Scarlett Johansson, Jonathan Rhys-Meyers, Emily Mortimer, Matthew Goode, Brian Cox, Penelope Wilton
R (For some sexuality)
Filmmaker Woody Allen reinvents himself with Match Point , the story of a poor tennis pro who turns his life around after meeting the daughter of a wealthy business man and her brother’s fiancee.
Chris Wilton (Jonathan Rhys-Meyers) is a successful tennis star. He quit the circuit in order to teach hoping he could improve his life knowing he could never have the success he wants as a professional tennis player. After taking on a job as a tennis instructor, he meets Tom Hewett (Matthew Goode) who is charmed by the young Wilton. After a time, Chris is introduced to Tom’s sister Chloe who does her best to let Chris know she’s interested.
Just as his life is beginning to look like it will finally turn around, Chris becomes obsessed with Tom’s fiance Nola Rice (Scarlett Johansson). Before he knows what’s hit him, he’s married to Chloe and cheating on her with Nola. It may be stressful to juggle to women, but Chris’ life couldn’t be better; however, the lives of the women around him are not. Chloe wants to have a child but can’t seem to get pregnant. Nola plays hard to get but eventually decides that she wants Chris all to herself.
It’s been a long time since Allen was this good. Bullets Over Broadway was the last film of his that was even remotely entertaining. Here, he deftly crafts a tale of love, deceit and the lengths one man will go to get what he wants. From the expert performances to the surprising outcome, Match Point is an engrossing experiment in romantic disengagement.
Even the title of the film is a delightful play on words. The match point in tennis is when the match winner hinges on the final stroke of a tight game. Allen explains this in the opening of the film as he describes a ball that hits the top of the net and for a moment, it’s purely luck that determines which side the ball will fall on, giving the game to one opponent or the other. This symbolism runs throughout the film as Chris faces one potential setback after another. Repeatedly, luck is on his side, but only when the match point arrives do we see what fate really has in store for the tennis pro.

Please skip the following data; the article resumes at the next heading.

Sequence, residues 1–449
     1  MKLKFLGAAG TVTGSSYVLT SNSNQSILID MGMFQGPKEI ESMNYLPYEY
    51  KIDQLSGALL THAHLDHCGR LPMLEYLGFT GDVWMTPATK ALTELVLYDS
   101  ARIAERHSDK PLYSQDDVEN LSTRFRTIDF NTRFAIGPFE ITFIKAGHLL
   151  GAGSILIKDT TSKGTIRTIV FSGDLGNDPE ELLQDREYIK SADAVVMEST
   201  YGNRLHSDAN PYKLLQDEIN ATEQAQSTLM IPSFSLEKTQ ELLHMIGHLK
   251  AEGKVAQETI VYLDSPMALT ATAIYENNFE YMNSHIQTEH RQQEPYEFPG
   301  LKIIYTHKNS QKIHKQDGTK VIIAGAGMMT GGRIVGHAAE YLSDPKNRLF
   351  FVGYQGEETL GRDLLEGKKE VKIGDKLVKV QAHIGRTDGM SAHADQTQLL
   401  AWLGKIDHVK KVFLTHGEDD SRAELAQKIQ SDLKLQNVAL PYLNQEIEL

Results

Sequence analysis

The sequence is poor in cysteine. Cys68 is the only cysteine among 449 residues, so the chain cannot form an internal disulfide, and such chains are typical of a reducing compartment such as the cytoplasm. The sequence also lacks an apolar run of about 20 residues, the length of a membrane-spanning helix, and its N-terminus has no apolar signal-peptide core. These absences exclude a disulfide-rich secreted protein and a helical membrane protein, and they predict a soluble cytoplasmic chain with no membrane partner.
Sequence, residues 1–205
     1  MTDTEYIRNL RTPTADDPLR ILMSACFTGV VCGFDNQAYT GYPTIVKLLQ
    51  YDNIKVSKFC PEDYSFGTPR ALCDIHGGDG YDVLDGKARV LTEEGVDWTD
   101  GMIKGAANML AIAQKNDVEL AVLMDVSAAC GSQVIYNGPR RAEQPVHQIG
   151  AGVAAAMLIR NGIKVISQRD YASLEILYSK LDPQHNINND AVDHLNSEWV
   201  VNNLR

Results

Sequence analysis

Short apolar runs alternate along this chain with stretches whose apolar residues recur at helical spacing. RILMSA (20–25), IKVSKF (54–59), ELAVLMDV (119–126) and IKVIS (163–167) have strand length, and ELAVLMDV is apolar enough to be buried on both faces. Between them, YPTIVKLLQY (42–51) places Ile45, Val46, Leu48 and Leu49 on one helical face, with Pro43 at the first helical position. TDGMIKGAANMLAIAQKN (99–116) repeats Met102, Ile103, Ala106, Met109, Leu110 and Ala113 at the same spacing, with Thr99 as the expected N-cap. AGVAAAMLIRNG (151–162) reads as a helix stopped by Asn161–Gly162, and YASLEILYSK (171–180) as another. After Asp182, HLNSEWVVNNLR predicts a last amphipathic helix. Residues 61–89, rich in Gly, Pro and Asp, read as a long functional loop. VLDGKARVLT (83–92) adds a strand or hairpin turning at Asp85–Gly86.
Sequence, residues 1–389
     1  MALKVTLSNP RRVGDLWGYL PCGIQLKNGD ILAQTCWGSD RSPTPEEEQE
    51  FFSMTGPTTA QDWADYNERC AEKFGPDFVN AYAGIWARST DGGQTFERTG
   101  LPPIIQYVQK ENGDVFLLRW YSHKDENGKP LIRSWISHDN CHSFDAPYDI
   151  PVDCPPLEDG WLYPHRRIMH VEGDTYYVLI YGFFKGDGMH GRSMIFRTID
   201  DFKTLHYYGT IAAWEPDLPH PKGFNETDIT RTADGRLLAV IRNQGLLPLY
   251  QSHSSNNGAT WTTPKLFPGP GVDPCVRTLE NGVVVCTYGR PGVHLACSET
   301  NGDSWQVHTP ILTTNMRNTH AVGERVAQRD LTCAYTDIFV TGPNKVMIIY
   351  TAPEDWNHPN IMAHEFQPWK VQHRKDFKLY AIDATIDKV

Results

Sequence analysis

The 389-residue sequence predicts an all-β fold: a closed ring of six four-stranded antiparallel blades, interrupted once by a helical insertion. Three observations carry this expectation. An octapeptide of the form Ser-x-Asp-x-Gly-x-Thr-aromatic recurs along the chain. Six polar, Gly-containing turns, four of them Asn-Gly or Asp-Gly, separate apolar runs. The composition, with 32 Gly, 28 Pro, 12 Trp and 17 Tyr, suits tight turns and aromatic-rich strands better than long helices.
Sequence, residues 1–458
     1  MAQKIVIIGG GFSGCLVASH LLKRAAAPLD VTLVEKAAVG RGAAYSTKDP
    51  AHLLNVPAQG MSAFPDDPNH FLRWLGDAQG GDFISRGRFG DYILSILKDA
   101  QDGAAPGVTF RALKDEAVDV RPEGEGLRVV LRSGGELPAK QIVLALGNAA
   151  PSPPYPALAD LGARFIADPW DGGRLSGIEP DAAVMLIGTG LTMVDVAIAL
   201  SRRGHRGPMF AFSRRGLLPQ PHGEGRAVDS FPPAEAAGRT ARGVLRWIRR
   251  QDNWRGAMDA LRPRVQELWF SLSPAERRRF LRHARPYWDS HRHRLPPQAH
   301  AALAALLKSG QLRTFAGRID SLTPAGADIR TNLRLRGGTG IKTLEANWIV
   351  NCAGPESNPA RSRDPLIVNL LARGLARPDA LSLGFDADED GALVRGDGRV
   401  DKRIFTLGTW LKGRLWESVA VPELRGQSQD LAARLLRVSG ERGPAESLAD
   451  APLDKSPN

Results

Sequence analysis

Rhys-Meyers gives a very skilled performance. His Chris Wilton is at one time charming and at other times ruthless. You find yourself rooting for him and against him often at the same time. His role is a rich one and he plays it up perfectly. Likewise, Johansson turns in one of her best performances so far. Nola is a conniving and ruthless woman. She’ll stop at nothing to get what she wants but deep inside, she’s a vulnerable, lost American girl trapped in a culture of refinement and nuance. It’s an environment that her beauty can’t always control. With this and Lost in Translation , you could almost say she can do nothing wrong but then you remember that she was in The Island.
The film does suffer a great deal from the length of time it takes to get to the match point. Every frame is proficiently composed and it’s not difficult to understand why some scenes drag on the way that they do. However, it’s this feeling of sluggishness that prevents the film from besting Bullets as Allen’s late-career high point.
It’s been a long time since Allen has made a crowd-pleaser. Bullets is the last to come to mind. Many of his films have a feeling of inaccessibility to modern audiences simply because they are intellectual. Allen writes realistically. He uses the full range of human emotion and behavior to craft rich characters and stories that seem to jump off the front page of the newspaper. However, most audiences cannot relate to these kind of people. It’s the viewer’s disconnect from the characters that make Allen less palatable to the general public.
Match Point doesn’t stray much from the typical Allen characterizations but it may be a more accessible feature for theatergoers to enjoy. It’s a fantastic film that gives us faith that Allen still has a vast number of quality movies left in him.
December 24, 2005